- His Call to Repent is narrow. The world rejects the narrow way of Christianity. Do we accept His narrow way in faith as our only means of salvation, not trusting in anything we can do but in His way alone?
- Jesus said to him, “I am the way, and the truth, and the life; no one comes to the Father but through Me,” (John 14:6).
- His Call to Repent defies human wisdom. Are we trusting in the world’s wisdom or the wisdom of God?
- For the word of the cross is foolishness to those who are perishing, but to us who are being saved it is the power of God… Has not God made foolish the wisdom of the world? 21 For since in the wisdom of God the world through its wisdom did not come to know God, God was well-pleased through the foolishness of the message preached to save those who believe… 25 Because the foolishness of God is wiser than men, and the weakness of God is stronger than men, (1 Corinthians 1:18,20-21,25).
- His Call to Repent is not forced. He has made His truth evident, but it is our choice to suppress His Call to Repent or submit to it.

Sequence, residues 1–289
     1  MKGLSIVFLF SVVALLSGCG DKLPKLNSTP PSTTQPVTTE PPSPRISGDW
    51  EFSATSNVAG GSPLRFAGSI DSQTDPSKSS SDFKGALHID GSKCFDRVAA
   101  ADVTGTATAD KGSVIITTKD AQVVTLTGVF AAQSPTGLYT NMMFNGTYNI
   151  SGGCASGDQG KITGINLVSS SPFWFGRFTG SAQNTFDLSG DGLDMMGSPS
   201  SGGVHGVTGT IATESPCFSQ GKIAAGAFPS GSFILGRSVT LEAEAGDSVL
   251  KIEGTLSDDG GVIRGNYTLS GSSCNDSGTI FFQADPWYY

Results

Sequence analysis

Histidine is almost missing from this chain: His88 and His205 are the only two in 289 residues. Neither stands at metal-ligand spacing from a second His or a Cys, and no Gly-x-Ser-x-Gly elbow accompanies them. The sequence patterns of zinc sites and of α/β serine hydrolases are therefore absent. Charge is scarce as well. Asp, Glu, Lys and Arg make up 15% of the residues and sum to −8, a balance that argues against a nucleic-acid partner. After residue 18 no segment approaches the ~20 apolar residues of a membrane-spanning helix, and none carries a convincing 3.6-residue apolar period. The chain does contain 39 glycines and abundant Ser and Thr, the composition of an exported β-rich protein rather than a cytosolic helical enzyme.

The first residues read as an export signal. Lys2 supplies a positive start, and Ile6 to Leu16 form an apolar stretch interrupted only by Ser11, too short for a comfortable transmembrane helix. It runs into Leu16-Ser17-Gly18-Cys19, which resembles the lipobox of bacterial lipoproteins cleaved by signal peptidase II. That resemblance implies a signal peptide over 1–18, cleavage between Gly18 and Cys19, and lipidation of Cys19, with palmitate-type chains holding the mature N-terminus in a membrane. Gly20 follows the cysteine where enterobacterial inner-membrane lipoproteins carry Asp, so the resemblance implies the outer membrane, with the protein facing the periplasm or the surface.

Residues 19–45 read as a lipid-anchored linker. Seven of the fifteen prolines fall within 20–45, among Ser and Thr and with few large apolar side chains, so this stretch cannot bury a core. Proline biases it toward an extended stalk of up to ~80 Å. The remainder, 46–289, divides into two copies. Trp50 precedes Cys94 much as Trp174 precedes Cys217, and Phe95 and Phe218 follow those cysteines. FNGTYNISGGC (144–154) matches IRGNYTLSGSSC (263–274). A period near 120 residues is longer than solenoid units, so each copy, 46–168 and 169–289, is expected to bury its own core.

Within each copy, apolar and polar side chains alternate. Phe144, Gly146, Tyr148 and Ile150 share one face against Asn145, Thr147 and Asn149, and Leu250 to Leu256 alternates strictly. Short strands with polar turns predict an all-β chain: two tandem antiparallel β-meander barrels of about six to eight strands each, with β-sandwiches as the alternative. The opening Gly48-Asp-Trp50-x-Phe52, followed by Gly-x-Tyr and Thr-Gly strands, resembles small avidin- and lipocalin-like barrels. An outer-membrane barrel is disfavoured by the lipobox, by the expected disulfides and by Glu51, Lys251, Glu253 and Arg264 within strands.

- For the wrath of God is revealed from heaven against all ungodliness and unrighteousness of men who suppress the truth in unrighteousness, 19 because that which is known about God is evident within them; for God made it evident to them… 21 For even though they knew God, they did not honor Him as God or give thanks, but they became futile in their speculations, and their foolish heart was darkened, (Romans 1:18-19,21).
We pass the test when we understand our eternal destiny apart from Jesus Christ, our total inadequacy to save ourselves and by faith submit to His Call to Repent as we trust His Holy Spirit to transform us.
As we grow in our faith, let us trust His Holy Spirit to transform our lives that we would bear fruit in keeping with repentance.
“Therefore bear fruits in keeping with repentance,” (Luke 3:8).